Worry. To give way to anxiety or unease.
Savvy. Knowingness, shrewdness
“I’ve had a lot of worries in my life, most of which never happened.” Mark Twain
These days when we discuss distractions and safety, we often refer to cell phones and other mobile devices. Indeed, these external distractions hinder our situational awareness – our understanding of what is happening around us. Driving and texting, for instance, is illegal in many countries.
Distractions also stem from internal sources. One of these is the worry. Some people insist worry demonstrates vigilance and caring. Parents, for instance, might worry that their child will get injured during a soccer game. A person walking down the street might worry about numerous scenarios, things that could or might happen. In other words, they are preoccupied with imaginary events.
Again, some people insist this demonstrates care and promotes safety. The opposite is true. Gavin de Becker, a highly regarded expert on personal and public safety argues that worry is a liability. He writes, that “one of the ironies is that worry enhances risk. That’s because as we worry about some imagined danger, we are distracted from what is happening. Perception and not worry is what serves safety. Perception focuses your attention; worry blurs it.” (15-16)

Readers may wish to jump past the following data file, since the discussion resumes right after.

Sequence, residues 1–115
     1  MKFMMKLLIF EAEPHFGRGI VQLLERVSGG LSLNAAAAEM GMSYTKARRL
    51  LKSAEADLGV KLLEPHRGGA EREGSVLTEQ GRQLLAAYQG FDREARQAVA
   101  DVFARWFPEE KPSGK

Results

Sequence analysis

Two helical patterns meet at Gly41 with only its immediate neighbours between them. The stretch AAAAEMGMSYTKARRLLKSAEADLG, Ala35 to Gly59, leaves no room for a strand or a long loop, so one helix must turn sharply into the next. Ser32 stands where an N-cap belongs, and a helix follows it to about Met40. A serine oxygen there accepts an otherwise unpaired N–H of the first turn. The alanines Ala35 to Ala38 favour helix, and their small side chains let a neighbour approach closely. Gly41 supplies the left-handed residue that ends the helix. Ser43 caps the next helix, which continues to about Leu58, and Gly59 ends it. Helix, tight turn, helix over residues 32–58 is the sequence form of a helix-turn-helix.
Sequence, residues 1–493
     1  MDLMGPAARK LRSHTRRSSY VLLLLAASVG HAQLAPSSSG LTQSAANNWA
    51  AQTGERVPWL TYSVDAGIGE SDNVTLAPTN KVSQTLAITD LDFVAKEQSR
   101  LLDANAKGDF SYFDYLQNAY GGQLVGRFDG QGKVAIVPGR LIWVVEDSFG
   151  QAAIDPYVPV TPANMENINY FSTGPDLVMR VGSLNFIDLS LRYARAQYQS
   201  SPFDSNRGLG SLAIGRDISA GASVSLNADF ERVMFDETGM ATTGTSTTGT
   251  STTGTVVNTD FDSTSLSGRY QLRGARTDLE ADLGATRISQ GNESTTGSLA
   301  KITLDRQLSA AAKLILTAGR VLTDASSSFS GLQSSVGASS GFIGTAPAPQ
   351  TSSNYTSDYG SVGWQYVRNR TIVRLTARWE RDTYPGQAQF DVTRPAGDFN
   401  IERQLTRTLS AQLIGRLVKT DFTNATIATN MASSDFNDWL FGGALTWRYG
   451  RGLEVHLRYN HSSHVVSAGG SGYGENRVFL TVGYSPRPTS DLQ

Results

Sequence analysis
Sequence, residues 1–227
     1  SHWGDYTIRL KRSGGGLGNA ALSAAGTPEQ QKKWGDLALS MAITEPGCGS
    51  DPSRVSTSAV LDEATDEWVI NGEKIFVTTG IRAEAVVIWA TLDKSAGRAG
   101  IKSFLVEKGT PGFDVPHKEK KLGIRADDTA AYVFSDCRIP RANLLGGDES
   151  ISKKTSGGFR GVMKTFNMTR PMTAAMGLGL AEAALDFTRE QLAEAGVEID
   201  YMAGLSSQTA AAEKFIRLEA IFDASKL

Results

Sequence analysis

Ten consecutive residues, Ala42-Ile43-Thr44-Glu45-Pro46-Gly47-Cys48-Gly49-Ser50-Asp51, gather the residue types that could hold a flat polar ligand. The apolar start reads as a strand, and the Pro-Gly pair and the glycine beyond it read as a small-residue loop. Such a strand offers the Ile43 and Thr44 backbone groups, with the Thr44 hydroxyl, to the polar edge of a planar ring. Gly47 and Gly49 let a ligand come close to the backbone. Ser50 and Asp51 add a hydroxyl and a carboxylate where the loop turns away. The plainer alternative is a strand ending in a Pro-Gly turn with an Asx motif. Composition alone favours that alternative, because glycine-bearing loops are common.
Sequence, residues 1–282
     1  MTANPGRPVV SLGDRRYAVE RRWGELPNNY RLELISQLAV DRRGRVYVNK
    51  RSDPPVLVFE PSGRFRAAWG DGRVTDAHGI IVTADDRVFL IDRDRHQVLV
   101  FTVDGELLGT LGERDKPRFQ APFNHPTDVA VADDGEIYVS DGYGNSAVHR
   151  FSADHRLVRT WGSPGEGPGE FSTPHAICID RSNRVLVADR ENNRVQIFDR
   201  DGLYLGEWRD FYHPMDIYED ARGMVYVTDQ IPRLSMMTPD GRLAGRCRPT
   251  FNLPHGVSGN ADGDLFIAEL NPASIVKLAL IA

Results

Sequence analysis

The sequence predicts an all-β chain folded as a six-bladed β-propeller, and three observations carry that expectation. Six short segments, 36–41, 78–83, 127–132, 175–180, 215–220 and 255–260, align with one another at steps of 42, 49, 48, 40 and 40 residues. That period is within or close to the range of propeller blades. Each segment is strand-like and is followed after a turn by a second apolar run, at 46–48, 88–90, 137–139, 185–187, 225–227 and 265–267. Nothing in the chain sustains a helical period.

When you worry about a situation that could happen you are not focused on the actuality of your situation, what is happening. It is analogous to watching a movie or reading a story while you are also trying to assess your surroundings. You are better off focusing on what exists – who is in the area, escape routes, peoples’ behaviour etc. You can project possible outcomes. For example, what if that man with his hand in his pocket walking towards me is holding a weapon? These projections, however, should be based on an actual circumstance.
Being worried is being in a disturbed state of mind. In the picture above, a man is thinking in various directions and oblivious to his real surroundings. Disturbed in the sense that it takes you away or distracts you from the present.
There is enough in the real world to contend with. Don’t worry, be savvy.
Gavin de Becker. Protecting the Gift. Keeping Children and Teenagers Safe. New York: Random House Inc. 1999.